Digital Realty Trust (DLR) is a fast-growing real estate investment trust (REIT) that has raised its dividend every year since going public in 2004.
While the company is still far from having a long enough dividend growth history to qualify as a member of the dividend aristocrats list, it has numerous attractive qualities for investors seeking income and growth.
Digital Realty is a direct beneficiary of the rapidly growing use of data by businesses and consumers alike. As the data center business continues booming, the company is positioned to continue rewarding investors with rising dividends.
Let’s take a closer look at Digital Realty to see if this quality REIT can keep pace with the evolving technology landscape and whether or not its stock looks attractive today.
Digital Realty is a REIT that supports the data center needs of more than 2,300 customers across industries such as financial services, information technology, manufacturing, and more.
The company is one of the largest REITs in the world and has a portfolio of 157 operating properties located across 33 metro areas.
Data centers provide secure, continuously available environments for companies to store and process important electronic information such as transactions and digital communications. Data centers can also serve as hubs for internet communications in major metropolitan areas.
The key components of a data center can be seen below and include servers, network equipment, cooling systems, electrical power systems, and more. Data centers consume a lot of power to keep the servers running and the room’s temperature under control.
Digital Realty’s total rent is comprised of both rent from turn-key services, in which it provides everything but the servers, as well as a powered base building where customers choose to provide the power components used in the data center (e.g. HVAC, battery, generator, electrical) and design it all themselves.
For the year 2016, rents on renewed space increased by over 10% for turn-key flex space and 23% on powered base building space.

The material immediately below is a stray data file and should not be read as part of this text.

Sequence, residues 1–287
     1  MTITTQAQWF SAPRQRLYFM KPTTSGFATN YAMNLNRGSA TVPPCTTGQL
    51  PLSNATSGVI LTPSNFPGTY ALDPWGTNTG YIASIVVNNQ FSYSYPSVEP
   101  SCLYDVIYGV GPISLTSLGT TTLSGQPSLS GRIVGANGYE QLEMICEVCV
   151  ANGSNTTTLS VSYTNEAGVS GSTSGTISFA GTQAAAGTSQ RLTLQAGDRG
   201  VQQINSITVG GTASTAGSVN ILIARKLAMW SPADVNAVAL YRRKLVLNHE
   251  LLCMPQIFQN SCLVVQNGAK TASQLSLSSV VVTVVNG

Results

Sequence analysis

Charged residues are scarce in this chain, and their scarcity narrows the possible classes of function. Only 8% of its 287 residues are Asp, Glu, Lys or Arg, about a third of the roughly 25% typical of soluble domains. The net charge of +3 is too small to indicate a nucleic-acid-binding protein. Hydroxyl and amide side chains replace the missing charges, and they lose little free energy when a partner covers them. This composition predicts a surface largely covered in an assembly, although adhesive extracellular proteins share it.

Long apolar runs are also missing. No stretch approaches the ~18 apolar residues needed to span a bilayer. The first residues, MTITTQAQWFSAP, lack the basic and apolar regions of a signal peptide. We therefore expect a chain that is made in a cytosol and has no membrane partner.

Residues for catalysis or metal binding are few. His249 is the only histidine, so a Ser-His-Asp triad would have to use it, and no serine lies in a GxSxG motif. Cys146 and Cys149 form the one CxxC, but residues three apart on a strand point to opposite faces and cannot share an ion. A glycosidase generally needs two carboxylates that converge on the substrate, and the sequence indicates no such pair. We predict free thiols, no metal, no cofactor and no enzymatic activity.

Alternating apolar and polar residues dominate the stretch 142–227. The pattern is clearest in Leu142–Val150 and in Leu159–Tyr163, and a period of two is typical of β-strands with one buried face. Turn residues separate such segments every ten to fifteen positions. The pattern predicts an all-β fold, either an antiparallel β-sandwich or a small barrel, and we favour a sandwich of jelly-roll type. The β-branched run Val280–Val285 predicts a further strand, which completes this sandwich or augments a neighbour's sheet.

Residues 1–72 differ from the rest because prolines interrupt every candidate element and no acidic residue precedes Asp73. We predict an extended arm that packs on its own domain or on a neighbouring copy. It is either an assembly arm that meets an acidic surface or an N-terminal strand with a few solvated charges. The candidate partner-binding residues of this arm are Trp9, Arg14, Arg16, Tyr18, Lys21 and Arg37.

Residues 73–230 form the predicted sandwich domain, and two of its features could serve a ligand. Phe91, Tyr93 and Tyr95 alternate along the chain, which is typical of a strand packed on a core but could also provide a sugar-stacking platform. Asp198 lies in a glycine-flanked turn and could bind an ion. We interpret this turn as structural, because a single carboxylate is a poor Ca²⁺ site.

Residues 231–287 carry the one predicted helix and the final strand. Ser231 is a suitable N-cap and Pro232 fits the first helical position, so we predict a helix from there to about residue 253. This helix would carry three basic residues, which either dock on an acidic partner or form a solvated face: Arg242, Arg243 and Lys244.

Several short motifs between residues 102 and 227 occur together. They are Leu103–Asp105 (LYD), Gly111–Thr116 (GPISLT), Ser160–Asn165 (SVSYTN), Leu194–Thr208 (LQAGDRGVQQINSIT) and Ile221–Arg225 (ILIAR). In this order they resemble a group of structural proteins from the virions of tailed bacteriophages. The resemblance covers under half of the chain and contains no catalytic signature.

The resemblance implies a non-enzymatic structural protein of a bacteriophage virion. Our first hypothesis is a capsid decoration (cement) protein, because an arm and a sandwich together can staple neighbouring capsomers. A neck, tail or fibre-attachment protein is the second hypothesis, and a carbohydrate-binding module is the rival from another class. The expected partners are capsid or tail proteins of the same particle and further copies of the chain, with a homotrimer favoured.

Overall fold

Digital Realty generates about 76% of its rent in North America with the rest from Europe (17%) and Asia (7%).
The company’s largest tenants are IBM (6.2% of rent), Facebook (5.9%), CenturyLink (4.6%), Rackspace (2.7%), Equinix (2.7%), Oracle (2.6%), LinkedIn (2.0%), and AT&T (2.0%). Approximately half of its customers have an investment grade or equivalent credit rating.
Digital Realty is also well diversified by customer type. Approximately 26% of Digital Realty’s annualized rent is from cloud players, 21% from IT services companies, 16% from content providers, 14% from network providers, 13% from financial services organizations, and 10% from other enterprises.
Playing in a growing industry is almost always better than competing in a shrinking market. In Digital Realty’s case, its data center operations are exposed to several long-term secular demand drivers.
Simply put, data use is exploding and driving more demand for servers and data centers. Growth of internet traffic, over-the-top-video, cloud, and mobile data traffic is expected to range from 21% to 45% per year over the next several years, according to Digital Realty.
While e-commerce is hurting the long-term prospects for many retail REITs, it actually benefits Digital Realty because it further adds to overall data traffic growth and the need for more data centers.
The “Internet of Things” (IoT) is yet another growth catalyst, with more than 24 billion IoT devices expected to exist worldwide by 2020, generating up to 44 trillion gigabytes of data, according to Digital Realty. All of that information will require more data center capacity.
As a result, Markets and Markets expects the global data center solutions market to grow at a compound annual growth rate of 11.7% from 2015 through 2020 to nearly double in total value. As a leading data center operator in the world, Digital Realty is well positioned to ride this tailwind.
In fact, nearly 80% of Digital Realty’s 2014-2016 leasing activity is supported by growth in the global digital economy.
Data center REITs are also attractive businesses because their services are non-discretionary expenses for companies – the data being stored and processed in data centers is needed to run their operations. As a result, Digital Realty enjoys high utilization rates in most economic environments.
As seen below, Digital Realty’s total portfolio occupancy has remained about 90% in each of the last seven years, including 95% in 2009 during the last recession. At the end of December 2016, the occupancy rate was over 89%. The company also notes that its tenant retention ratio has been strong at about 72% of net rentable square footage.
Occupancy and retention rates are also high because it is costly for customers to switch data center facilities. Digital Realty cites that it costs customers anywhere from $10 million to $20 million to migrate to a new facility.
A new data center deployment also costs customers $15 million to $30 million, further reducing the incentive to switch landlords. The following chart shows how high tenant retention rates have been for data center operators.
Digital Realty’s average remaining lease term with customers is 5 years, and fewer than 17% of its total leases are set to expire in any of the next five years. Beyond that, lease expirations are in the single-digit range over the next seven years through 2026.
Most of the company’s leases also contain 2% to 4% annual rental rate increases. As long as customers stay financially healthy enough to pay their rent obligations, Digital Realty has very solid cash flow visibility.